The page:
It wants the monarchy to be subject to an annual budget, just like government departments.

 

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  • rate this
    +2

    Comment number 222.

    @ AndesOwl (post 13) - If you're happy for someone else to live in luxury off of your hard earned money, without giving a care as to who you are or even what your name is, then I think it is you who are lacking in education, indeed you seem to be lacking a backbone too.

  • rate this
    +3

    Comment number 221.

    I'd like to comment but I'm not sure I can spell guillotine.

  • rate this
    -3

    Comment number 220.

    Delighted to see the Monarchy getting a proper settlement. If the naysayers did a hundredth as much as the Royal Family for this country we'd be in a much better place. Long live H.M. The Queen.

    If you don't like it, there are plenty of boats, trains and aeroplanes leaving for republican shores.

  • rate this
    0

    Comment number 219.

    18.
    @ TooShy 18

    I really object to paying one of the richest women in the world anything at all. Scotland doesn't have a monarchy..

    And you wonder why people say that education in this country is failing. And despite the fact that my English taxes are supporting free scottish universities that I object too, some people can't even tell who their head of state is. oh dear.

  • rate this
    -3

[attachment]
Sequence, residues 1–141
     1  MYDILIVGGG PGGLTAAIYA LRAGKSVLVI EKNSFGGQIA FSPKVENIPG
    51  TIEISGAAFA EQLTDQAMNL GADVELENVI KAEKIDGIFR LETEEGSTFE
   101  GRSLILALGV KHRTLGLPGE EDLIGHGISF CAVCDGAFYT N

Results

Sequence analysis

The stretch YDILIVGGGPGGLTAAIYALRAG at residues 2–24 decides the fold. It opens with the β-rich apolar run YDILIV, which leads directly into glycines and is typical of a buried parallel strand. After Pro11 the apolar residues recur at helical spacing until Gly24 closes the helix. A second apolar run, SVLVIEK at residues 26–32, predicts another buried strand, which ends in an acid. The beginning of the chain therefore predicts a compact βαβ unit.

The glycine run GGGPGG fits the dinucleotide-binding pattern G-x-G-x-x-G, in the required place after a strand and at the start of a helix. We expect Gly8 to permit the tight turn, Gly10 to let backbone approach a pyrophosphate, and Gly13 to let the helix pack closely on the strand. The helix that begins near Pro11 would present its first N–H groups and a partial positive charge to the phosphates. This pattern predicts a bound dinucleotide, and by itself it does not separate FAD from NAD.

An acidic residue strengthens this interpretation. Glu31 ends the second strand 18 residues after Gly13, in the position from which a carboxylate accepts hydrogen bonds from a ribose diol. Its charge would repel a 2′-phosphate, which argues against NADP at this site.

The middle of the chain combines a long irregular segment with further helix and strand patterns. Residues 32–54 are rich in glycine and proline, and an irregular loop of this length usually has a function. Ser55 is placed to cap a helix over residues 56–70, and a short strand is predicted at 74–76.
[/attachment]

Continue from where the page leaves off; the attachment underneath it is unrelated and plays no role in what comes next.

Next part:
Comment number 218.

    211.tony-tcm
    "When you look at some of the iffy dealings our 'elected' MPs get up to with their shadowy financiers and lobbyists, we should be delighted our monarch isn't like them"

    Because they have no power. I heard once that power corrupts. And ultimate power corrupts ultimately - good argument for democracy and checks and balances.

  • rate this
    +1

    Comment number 217.

    More evidence that we are NOT all on this together. And @13... Britain the envy of the world?! What kind of jingoistic claptrap is that! I'm sure the world would just love our latest 5.2% inflation and spiraling jobless. Are people like this allowed to voteł?!

  • rate this
    -2

    Comment number 216.

    @bbccommentor

    Yes, it's a good thing you didn't start on the royal wedding, considering that the royals covered the costs outside of security out of their own pocket. Given the size of the crowds, the police were always going to be involved, and we sort of frown on people paying the police to do things for them, so they couldn't have paid for security themselves if they'd wanted to.